One of the most enthusiastic responses to my Call for Scores of Multi-hand Piano Duets came from composer Elizabeth Lauer. She responded to the multi-hands aspect of a duet.
“What about one piano, five pianists, one hand from each? The one in the middle should be, preferably, a hipless wonder.”
I replied, “That’s exactly the sort of fun duets we’re looking for – playable, many hands, and fun!”
She e-mailed. “Well, I cannot find the Pischna Polka anywhere, but I’ve sent out e-mails to anyone who might have the score. The basis of the piece is one of the Pischna piano exercises, which roams around the five hands, while whoever is NOT playing this is participating in a rather atonal polka. It’s fast and about 2.5 minutes long. ”
While she was looking for the polka, Elizabeth Lauer sent me her 8-hands on 2 piano arrangement of Gottschalk’s Grande Tarantelle, the first 10 pages of which I sightread with three pianists last Sunday in Utrecht, Netherlands. It’s the subject of another blog post — how we started with two pianists on one piano, three on one, 4 on one, and moved eventually to two pianos on a rainy day in July in Holland. The Gottschalk was a lot of fun, stopped by my hesitation to print the remaining 53 pages from a home printer that was starved of paper and toner.
Lauer also sent me her arrangement of Irving Berlin’s “I Love a Piano” for 4 pianists on one piano in which some had to recite “I love a piano.” We tried that arrangement here in Holland and discovered that pianists can play but not necessarily recite.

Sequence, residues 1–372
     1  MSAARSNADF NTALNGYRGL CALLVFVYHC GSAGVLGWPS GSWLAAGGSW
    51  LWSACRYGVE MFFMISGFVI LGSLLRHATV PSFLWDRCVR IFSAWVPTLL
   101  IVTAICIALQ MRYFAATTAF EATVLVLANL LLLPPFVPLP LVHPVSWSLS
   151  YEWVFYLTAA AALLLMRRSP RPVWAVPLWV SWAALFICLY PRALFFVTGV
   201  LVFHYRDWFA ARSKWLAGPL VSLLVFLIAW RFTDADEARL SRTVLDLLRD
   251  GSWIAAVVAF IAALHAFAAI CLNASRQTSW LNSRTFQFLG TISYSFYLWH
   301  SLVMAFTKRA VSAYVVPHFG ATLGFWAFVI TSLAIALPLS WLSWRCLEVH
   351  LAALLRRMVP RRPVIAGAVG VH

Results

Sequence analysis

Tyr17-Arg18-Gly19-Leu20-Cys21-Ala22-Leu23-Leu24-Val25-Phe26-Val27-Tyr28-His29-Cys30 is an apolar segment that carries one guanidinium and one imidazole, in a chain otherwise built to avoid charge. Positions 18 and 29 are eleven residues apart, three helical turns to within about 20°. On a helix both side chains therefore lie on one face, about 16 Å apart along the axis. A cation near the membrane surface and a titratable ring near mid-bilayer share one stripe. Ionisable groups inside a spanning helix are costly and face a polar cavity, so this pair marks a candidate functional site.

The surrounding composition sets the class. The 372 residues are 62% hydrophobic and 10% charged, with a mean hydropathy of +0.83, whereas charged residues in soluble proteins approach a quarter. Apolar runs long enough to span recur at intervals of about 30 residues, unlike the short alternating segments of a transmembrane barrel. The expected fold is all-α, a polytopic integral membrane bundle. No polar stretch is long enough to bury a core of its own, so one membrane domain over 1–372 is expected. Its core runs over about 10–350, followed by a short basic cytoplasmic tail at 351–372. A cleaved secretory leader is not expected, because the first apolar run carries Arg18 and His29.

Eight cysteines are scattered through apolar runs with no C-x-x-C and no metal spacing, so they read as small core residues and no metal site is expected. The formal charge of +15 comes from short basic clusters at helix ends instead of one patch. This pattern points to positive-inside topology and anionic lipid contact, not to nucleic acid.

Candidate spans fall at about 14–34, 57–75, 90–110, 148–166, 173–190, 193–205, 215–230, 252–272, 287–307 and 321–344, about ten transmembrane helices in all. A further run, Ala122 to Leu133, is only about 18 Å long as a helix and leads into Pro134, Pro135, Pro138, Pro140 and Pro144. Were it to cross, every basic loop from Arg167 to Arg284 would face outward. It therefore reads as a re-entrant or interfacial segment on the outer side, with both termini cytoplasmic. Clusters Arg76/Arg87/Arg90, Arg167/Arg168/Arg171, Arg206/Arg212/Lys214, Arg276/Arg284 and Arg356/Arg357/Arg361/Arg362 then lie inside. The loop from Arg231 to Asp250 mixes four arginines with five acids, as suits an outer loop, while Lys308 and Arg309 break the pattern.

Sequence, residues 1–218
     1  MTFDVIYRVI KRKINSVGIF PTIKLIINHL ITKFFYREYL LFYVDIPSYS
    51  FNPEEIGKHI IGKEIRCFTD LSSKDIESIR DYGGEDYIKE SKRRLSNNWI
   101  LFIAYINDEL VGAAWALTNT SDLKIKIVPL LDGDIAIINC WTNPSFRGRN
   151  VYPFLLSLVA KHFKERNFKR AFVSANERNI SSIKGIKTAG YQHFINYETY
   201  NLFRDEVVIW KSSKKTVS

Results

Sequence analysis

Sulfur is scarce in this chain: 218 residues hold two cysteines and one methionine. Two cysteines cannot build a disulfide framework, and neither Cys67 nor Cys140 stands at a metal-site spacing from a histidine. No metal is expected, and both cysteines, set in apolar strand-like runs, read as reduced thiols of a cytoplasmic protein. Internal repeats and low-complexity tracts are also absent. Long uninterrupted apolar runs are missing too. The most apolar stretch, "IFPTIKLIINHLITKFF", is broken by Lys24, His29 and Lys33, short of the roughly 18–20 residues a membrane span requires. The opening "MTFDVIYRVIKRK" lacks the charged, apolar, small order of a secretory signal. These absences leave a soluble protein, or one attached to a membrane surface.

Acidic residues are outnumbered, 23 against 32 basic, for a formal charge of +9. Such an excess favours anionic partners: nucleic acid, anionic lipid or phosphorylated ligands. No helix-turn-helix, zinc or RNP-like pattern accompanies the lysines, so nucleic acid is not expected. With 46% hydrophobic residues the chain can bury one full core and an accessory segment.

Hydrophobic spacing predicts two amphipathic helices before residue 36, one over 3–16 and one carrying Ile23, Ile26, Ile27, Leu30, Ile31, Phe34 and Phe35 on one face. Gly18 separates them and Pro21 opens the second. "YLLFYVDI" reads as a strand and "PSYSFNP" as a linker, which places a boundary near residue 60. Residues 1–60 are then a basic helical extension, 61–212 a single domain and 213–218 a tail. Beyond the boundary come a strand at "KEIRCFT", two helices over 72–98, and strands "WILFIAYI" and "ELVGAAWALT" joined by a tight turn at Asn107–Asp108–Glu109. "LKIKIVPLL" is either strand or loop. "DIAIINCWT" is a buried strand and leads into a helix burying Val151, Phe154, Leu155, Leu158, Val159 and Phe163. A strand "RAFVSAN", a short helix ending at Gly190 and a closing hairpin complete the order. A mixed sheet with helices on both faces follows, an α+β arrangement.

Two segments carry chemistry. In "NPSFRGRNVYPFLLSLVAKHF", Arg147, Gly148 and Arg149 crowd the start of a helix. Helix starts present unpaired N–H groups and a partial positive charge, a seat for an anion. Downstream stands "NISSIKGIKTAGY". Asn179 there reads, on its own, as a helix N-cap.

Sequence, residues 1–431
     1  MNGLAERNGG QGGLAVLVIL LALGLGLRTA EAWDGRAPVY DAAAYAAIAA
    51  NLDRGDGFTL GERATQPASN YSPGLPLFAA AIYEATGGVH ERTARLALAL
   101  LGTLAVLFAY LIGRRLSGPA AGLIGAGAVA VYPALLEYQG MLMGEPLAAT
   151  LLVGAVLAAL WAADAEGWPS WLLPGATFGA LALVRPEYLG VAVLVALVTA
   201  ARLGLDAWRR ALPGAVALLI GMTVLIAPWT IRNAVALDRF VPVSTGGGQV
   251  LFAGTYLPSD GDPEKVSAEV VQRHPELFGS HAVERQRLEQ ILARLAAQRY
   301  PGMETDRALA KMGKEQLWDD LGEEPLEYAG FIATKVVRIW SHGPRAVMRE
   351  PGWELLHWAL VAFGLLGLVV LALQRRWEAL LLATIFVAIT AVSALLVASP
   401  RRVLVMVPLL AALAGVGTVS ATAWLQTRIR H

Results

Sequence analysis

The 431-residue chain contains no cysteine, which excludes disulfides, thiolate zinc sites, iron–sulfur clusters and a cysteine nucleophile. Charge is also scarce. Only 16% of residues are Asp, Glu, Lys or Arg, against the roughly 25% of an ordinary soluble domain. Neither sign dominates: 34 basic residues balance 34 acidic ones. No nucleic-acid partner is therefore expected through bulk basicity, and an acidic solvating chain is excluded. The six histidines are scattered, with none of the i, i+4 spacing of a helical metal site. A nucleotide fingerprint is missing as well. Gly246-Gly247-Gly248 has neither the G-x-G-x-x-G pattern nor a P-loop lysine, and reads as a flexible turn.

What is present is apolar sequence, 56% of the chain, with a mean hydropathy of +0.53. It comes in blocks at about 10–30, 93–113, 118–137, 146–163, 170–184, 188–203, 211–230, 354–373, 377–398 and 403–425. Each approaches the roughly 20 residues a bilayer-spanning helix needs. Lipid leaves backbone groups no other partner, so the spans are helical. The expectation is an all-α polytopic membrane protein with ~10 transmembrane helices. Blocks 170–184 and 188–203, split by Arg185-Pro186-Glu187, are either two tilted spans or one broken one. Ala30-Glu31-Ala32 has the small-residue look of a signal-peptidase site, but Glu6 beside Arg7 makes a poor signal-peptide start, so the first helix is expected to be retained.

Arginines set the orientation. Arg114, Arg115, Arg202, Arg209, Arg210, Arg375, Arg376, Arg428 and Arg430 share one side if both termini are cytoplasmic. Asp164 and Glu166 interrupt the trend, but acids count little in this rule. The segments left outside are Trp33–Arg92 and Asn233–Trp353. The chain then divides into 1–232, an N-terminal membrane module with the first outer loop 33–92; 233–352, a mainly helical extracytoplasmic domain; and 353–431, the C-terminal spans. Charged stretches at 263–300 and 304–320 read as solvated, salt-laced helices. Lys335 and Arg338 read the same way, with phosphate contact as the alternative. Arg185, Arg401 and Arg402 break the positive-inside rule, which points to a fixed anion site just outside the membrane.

At the Sightreading Workshop and Piano Soiree in San Francisco, five men stood in front of a grand piano and sightread the “Pischna Polka.” When I tried it with the three pianists (seated) here in Holland, I discovered that you really need five pianists (one hand each).
From Lauer’s programme notes on “The Pischna Polka” written in 1978 and refined in 1998 and dedicated to Walter Hautzig.
My original intent was to compose a piece (using one of the Pischna exercises throughout, wandering up and down the piano, with a spiky polka in — how shall I say? — counterpoint) for piano duet. There was such clamoring for participation that I had to change that cast of characters to five pianists, one hand apiece (with the middle person being a hipless wonder). I ventually gave up my position as player, and did the page-turning for the (then) hand-written score.
The 11-page polka moves along quite fast at quarter note = 68. The challenge is getting all the 16th note scales in sync. Imagine getting all five pianists to play together — with one hand each!